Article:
Report: Hezbollah Raised Terror Funds Via Colombian Crime, Money-Laundering Schemes

YERUSHALAYIM -
Lebanon’s Hezbollah leader Sayyed Hassan Nasrallah is seen on a video screen as he addresses his supporters in Beirut, Lebanon, February 16. (Reuters/Aziz Taher/File Photo)

Money-laundering, car theft, international drug shipments and a large number of illegitimate business that deal in everything from textiles to beef – these are some of the ways Lebanese Shiite terror group Hezbollah makes money, at least in the South American country of Colombia. Officials there, working with U.S. Drug Enforcement Agency officials, have for the past three years documented the wide-ranging business interests of the terror group in Colombia. A report on the investigation, based on a leaked copy of the investigators’ report to Colombian and U.S. government officials, was published in Colombian media last week, Israel’s Channel Ten reported.

The scheme entailed procuring legal documentation that would allow Hezbollah terrorists to infiltrate the country and run the businesses, and the terror group did this by working with local forgers, as well as with local organized crime – especially La Oficina deEnvigado (the Office of Envigado), a drug cartel and criminal organization founded as an enforcement and collections arm of Pablo Escobar’s Medellin Cartel. The investigators found close ties between Hezbollah and the local crime group, which is believed to have helped the Lebanese terrorists corner the market on many items sold by its wide-ranging network of retail stores.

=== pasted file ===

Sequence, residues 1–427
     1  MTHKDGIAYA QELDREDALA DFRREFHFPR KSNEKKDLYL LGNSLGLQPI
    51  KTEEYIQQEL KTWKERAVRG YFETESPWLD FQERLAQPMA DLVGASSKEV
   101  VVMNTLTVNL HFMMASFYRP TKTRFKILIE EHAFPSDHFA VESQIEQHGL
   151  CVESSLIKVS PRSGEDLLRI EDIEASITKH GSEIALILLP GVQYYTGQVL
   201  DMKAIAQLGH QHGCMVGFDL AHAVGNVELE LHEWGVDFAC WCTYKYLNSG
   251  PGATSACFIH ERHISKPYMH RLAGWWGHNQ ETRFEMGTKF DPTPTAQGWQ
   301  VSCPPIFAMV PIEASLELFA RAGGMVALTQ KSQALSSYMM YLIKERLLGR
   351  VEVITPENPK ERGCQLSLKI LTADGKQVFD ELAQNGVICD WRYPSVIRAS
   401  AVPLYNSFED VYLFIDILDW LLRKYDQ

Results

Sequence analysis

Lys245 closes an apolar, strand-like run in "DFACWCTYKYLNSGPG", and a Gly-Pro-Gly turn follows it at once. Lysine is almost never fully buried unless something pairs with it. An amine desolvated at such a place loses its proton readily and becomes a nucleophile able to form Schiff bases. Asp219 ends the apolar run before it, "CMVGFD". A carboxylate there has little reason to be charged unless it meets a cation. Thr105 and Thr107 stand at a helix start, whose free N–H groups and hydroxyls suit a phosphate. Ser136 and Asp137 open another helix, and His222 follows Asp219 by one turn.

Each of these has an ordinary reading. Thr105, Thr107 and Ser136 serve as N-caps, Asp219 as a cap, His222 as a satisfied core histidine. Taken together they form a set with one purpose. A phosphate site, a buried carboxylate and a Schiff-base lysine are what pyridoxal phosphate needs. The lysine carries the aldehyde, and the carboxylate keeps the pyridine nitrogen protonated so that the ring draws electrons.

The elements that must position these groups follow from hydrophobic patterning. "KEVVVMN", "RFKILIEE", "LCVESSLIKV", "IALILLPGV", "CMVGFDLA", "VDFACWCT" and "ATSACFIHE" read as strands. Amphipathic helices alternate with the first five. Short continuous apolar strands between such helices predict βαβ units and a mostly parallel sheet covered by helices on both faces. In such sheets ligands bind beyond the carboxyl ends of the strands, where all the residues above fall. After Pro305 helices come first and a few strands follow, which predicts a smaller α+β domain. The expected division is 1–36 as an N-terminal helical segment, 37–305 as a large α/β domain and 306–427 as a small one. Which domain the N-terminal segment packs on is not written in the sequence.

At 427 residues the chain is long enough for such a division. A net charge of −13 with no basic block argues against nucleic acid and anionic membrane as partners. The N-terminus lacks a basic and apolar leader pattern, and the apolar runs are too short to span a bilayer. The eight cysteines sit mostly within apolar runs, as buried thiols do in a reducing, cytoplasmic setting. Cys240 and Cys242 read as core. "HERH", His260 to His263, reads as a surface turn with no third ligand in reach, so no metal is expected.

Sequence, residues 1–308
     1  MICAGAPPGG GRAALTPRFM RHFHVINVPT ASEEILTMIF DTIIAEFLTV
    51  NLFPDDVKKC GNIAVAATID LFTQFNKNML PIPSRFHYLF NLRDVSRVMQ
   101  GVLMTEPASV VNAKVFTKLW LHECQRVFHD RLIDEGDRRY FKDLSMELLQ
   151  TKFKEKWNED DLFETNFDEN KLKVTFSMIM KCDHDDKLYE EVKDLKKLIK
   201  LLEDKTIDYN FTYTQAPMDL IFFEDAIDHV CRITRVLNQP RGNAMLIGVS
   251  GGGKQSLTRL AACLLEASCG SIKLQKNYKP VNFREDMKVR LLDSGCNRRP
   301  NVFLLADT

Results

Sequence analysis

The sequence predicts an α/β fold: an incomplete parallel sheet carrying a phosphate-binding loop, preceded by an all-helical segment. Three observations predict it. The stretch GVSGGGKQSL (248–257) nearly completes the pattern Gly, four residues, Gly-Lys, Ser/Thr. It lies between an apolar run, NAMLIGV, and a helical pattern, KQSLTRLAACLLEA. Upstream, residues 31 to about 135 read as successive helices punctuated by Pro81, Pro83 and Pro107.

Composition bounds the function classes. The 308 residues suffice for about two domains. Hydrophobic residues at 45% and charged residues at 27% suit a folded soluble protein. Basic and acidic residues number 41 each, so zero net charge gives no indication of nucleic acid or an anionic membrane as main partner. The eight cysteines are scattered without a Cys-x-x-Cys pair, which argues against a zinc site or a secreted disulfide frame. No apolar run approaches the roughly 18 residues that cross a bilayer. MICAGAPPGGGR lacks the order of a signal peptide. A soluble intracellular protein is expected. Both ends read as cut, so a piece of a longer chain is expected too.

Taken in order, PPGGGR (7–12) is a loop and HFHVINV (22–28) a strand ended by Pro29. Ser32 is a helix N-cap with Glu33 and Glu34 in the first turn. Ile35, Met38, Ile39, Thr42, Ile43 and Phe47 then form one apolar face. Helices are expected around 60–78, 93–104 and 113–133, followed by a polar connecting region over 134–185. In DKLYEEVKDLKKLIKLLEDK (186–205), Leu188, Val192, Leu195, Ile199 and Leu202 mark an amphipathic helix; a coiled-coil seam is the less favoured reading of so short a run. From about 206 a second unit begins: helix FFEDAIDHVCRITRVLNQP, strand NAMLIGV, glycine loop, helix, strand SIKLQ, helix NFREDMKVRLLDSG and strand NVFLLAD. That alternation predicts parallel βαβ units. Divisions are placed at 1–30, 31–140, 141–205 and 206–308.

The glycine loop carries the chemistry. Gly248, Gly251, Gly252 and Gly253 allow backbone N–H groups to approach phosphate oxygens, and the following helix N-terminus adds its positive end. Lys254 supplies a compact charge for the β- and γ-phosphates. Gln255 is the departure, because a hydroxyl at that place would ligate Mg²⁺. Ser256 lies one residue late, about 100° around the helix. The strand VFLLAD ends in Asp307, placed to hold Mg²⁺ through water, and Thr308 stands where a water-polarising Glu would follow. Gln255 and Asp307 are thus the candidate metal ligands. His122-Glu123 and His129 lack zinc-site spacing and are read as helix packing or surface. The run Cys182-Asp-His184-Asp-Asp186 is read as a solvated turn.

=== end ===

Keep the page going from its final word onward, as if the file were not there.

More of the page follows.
Among those stores were, among others, outlets for clothing, food, coal and other energy sources. Hezbollah would smuggle seed money for the businesses into Colombia, and with the help of local criminals, would get the exclusive right to sell in a neighborhood or community, guaranteeing a profit. Most of the money earned – as much as 80 percent – would be sent back to Lebanon to fund Hezbollah terror projects. The money was transferred from Colombia to Lebanon via various European banks, the report said.

Most of the staff working for Hezbollah in Colombia were recruited either from Lebanon or from Colombia’s Muslim community, the report said. Hezbollah recruited workers via social media and contacts at mosques. There are about 10,000 Muslims in Colombia, the report said, although their numbers have increased steadily in recent years.